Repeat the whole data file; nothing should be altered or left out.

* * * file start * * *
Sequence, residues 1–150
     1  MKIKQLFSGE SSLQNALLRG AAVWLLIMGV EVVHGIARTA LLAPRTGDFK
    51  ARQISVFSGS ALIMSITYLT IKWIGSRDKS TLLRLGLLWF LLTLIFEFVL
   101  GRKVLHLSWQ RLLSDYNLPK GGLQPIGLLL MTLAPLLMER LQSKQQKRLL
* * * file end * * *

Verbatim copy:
Sequence, residues 1–150
     1  MKIKQLFSGE SSLQNALLRG AAVWLLIMGV EVVHGIARTA LLAPRTGDFK
    51  ARQISVFSGS ALIMSITYLT IKWIGSRDKS TLLRLGLLWF LLTLIFEFVL
   101  GRKVLHLSWQ RLLSDYNLPK GGLQPIGLLL MTLAPLLMER LQSKQQKRLL